Chile: 50 Years On

In Chile, the commemoration of the 50th anniversary of the coup that toppled President Salvador Allende has reignited the national conversation about the legacies of both Allende and his successor, General Augusto Pinochet.


Image Source: Gobierno de Chile

In Chile, the commemoration of the 50th anniversary of the coup that toppled President Salvador Allende has reignited the national conversation about the legacies of both Allende and his successor, General Augusto Pinochet. This event has also sparked renewed calls for greater transparency regarding the United States’ role in the lead-up to and during the coup. Peter Kornbluth, a Senior Analyst at the National Security Archive, has released a Chilean edition of his 2003 book, “The Pinochet File,” in which he outlines both old and new information. This includes details such as the White House meeting between Henry Kissinger and Augustin Edwards, the owner of El Mercurio, Chile’s main newspaper at the time. The meeting took place 11 days after Salvador Allende’s election victory.

Fast forward fifty years, and the United States’ role in Chile still casts a long shadow. The 1973 coup reshaped the nation’s trajectory to the extent that the country’s current constitutional debates essentially revolve around how much of Pinochet’s 1980 constitution (which has been amended hundreds of times since) should be retained.

However, the landscape has transformed significantly. The United States, once a central player in Chilean affairs, now navigates a changed world. This transformation is not solely due to the end of the Cold War a generation ago. The influence of the United States has been recalibrated by global and domestic shifts, as well as evolving foreign policy doctrines. The anniversary of the coup thus prompts a probing analysis of how America’s evolving stance towards Chile mirrors greater changes in its foreign policy approach on the global stage.

The focal point lies in examining the transition from the once audacious involvement of the United States in Chile’s domestic politics to its contemporary position in a world marked by a more diversified geopolitical landscape. The essence of this exploration resides not only in understanding why the Central Intelligence Agency (CIA) has purportedly retreated from past methods but also in grasping how the very nature of projecting influence has transformed.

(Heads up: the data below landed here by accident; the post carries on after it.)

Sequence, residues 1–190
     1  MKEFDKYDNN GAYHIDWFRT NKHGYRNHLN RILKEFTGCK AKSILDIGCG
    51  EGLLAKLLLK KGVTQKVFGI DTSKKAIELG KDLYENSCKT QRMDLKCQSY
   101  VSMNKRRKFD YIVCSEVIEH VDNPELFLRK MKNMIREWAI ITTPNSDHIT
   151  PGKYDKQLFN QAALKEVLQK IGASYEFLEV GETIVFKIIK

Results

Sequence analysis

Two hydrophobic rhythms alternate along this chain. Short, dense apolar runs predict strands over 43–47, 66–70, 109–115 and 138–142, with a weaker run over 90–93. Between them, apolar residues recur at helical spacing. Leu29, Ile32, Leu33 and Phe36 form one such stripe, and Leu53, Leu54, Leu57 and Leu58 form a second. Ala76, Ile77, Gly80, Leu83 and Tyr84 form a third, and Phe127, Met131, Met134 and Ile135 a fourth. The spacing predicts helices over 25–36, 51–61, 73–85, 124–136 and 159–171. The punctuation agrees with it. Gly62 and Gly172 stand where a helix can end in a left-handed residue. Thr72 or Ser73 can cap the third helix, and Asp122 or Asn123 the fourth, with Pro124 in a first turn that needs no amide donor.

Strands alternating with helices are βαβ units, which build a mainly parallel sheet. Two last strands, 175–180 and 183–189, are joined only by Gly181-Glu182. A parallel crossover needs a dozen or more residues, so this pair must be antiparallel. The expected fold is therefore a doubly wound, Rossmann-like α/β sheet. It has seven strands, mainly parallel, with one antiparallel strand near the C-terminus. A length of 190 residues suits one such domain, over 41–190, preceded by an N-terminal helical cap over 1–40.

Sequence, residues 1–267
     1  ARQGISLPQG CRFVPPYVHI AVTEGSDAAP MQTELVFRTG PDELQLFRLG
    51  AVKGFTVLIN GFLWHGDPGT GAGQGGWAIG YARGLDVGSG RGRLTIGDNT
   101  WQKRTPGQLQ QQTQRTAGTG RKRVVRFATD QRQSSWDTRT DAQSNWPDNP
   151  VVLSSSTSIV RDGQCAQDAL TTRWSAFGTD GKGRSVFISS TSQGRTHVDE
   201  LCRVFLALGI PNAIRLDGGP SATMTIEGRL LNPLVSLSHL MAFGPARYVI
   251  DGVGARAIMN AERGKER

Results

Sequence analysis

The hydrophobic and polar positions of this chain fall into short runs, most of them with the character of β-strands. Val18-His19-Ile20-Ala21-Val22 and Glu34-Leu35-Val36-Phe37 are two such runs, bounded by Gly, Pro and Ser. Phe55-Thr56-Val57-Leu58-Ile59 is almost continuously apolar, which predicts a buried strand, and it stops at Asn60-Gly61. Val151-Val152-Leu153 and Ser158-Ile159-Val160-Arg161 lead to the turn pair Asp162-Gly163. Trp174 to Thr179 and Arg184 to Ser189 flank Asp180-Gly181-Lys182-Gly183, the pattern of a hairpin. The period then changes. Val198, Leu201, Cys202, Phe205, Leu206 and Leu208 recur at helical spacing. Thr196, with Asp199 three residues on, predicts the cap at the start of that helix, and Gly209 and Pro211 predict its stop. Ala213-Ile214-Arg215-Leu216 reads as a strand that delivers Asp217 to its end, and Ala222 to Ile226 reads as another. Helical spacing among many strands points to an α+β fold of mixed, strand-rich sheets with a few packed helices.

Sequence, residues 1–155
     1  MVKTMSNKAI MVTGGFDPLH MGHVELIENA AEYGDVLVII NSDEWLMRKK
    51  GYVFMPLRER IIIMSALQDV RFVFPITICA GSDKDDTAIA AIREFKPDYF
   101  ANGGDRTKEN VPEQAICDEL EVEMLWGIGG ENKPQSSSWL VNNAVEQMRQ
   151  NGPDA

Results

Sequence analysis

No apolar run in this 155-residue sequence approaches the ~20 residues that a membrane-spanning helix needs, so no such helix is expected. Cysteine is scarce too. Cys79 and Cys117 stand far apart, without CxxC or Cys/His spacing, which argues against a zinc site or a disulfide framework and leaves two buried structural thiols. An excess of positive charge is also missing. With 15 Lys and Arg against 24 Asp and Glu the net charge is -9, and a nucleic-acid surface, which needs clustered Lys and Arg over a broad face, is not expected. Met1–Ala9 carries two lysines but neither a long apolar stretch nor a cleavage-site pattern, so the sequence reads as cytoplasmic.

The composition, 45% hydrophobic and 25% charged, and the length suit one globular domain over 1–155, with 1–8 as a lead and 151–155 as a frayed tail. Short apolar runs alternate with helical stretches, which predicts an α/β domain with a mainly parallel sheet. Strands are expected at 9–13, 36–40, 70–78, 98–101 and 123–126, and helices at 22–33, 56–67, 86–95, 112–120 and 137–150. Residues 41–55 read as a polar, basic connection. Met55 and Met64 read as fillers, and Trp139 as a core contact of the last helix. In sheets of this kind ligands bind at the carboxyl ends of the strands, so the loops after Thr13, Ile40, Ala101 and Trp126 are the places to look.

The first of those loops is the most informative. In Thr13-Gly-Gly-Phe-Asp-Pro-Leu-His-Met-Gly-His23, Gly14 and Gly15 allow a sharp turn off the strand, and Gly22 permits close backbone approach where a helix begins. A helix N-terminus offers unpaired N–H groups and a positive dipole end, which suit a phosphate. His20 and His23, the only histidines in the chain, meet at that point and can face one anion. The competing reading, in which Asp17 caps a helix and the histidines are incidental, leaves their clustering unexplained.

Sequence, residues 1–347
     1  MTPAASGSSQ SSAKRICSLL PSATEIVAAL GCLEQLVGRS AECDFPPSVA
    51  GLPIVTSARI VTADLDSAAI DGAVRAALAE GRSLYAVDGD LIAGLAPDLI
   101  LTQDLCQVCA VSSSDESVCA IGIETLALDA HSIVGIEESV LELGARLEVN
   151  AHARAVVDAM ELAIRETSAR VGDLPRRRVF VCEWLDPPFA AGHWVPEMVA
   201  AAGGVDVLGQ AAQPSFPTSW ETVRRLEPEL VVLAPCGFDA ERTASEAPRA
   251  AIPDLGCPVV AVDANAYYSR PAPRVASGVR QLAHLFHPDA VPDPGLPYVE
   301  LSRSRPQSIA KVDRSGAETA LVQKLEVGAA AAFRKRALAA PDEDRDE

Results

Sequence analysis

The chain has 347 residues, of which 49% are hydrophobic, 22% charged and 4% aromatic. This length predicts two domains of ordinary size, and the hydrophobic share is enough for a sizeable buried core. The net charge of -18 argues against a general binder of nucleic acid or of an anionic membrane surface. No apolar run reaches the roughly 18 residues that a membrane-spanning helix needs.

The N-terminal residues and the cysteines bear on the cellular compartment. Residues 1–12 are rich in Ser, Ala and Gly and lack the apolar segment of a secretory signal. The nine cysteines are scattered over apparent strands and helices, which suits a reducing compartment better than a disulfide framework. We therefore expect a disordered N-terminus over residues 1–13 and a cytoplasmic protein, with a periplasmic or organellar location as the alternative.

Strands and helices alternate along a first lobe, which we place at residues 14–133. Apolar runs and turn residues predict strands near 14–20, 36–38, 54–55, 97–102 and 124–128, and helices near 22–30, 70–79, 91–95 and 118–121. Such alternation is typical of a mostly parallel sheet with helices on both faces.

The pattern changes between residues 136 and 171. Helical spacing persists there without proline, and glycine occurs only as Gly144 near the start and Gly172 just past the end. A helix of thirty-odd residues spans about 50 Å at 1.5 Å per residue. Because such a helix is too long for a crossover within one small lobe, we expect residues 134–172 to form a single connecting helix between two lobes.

This narrative unfolds within a broader reality: while the U.S. may not have relinquished its power, perhaps it has moderated its willingness to employ it. Consider Ukraine, where the U.S. has actively opposed Russian aggression, typically through its NATO allies, and has been careful to strike a balance that avoids prompting a Russian escalation.

In the current post-Cold War and post-Iraq era, there is an acknowledgment that blunt force tactics undermine global credibility and moral standing such as supporting coups or invasions. The intention of the United States to refrain from interference in domestic affairs reflects domestic disinterest and a different global order, one in which meddling in the national politics of other countries is unpopular and less effective. As a result, the narrative of the CIA engaging in covert operations has shifted towards diplomatic engagement and economic collaboration.

Chile itself has undergone transformative changes that have shaped U.S. influence. The nation’s diversified economy, burgeoning trade partnerships, and diplomatic engagements have paved the way for a more self-confident country. The U.S. remains a crucial partner in areas like defense, education, and trade. Bilateral trade with Chile was around USD 3 billion in the years immediately following the authoritarian era. By 2021, this figure had surged to over USD 38 billion. In comparison, however, China’s trade figure was almost USD 58 billion, highlighting the shifting market dynamics of the 21st century.